The Economist this week
Highlights from the latest issue
• Vladimir Putin launched his invasion of Ukraine 100 days ago by threatening countries tempted to interfere with consequences “such as you have never seen in your entire history”. Russian television has since tantalised viewers with chit-chat about nuclear Armageddon.
• The moral revulsion that restrains the use of nuclear weapons has been weakening. Weapons are proliferating. As memories of Hiroshima and Nagasaki fade, there is insufficient alarm at the prospect of how hard it will be to keep the peace if many states have a bomb. The invasion of Ukraine adds to this malaise. Russia is unlikely to use a nuclear weapon in Ukraine. But Mr Putin’s threat has prompted NATO to limit the support it is prepared to offer the government in Kyiv. Some have warned that inflicting a defeat on Russia could back its president into a corner with devastating consequences.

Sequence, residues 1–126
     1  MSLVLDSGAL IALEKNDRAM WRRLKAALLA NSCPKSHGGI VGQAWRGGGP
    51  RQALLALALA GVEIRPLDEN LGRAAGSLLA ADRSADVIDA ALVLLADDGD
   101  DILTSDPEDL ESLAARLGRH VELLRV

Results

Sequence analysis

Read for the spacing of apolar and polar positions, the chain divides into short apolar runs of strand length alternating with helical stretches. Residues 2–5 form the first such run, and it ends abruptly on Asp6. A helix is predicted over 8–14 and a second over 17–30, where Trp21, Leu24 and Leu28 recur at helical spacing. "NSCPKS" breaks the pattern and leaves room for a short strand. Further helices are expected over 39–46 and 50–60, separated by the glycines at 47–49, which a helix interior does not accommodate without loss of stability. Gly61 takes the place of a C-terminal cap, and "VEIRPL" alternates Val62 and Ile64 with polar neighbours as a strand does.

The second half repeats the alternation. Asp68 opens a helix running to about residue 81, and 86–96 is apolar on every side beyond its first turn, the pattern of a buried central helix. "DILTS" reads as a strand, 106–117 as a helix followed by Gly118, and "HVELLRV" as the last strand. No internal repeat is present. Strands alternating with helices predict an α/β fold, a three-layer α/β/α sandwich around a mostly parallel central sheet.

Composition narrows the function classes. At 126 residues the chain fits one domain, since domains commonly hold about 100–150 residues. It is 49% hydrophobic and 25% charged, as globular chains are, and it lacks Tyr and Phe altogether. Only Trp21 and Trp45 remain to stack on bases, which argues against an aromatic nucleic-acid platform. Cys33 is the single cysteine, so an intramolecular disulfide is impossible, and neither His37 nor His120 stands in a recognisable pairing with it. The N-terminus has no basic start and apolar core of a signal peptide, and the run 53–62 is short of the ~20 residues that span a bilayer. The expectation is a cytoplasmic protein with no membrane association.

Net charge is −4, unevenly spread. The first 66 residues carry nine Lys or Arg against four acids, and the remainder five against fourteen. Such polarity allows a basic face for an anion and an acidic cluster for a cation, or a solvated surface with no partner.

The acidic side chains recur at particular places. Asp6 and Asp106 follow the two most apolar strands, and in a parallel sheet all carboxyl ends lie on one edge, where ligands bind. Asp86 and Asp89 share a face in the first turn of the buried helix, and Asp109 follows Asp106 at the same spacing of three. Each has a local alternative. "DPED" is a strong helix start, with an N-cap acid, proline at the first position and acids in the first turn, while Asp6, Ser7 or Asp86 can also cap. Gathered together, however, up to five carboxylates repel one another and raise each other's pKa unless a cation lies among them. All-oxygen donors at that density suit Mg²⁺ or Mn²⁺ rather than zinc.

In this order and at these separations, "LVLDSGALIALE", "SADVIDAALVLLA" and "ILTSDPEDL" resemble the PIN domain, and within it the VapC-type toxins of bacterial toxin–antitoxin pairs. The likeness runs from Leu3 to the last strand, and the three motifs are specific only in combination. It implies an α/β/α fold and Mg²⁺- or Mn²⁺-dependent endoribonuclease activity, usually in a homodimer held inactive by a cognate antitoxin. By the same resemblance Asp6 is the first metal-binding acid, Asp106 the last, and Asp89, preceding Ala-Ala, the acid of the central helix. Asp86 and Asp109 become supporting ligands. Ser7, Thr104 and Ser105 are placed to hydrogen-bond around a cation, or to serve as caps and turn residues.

• One implication of this is that vulnerable states that see the world through Ukraine’s eyes may feel that the best defence against a nuclear-armed aggressor is to have weapons of their own. The other is that nuclear-armed states may believe that they can gain by copying Mr Putin’s tactics. One day someone somewhere will surely turn their threat into reality. That must not be this war’s devastating legacy.
Zanny Minton Beddoes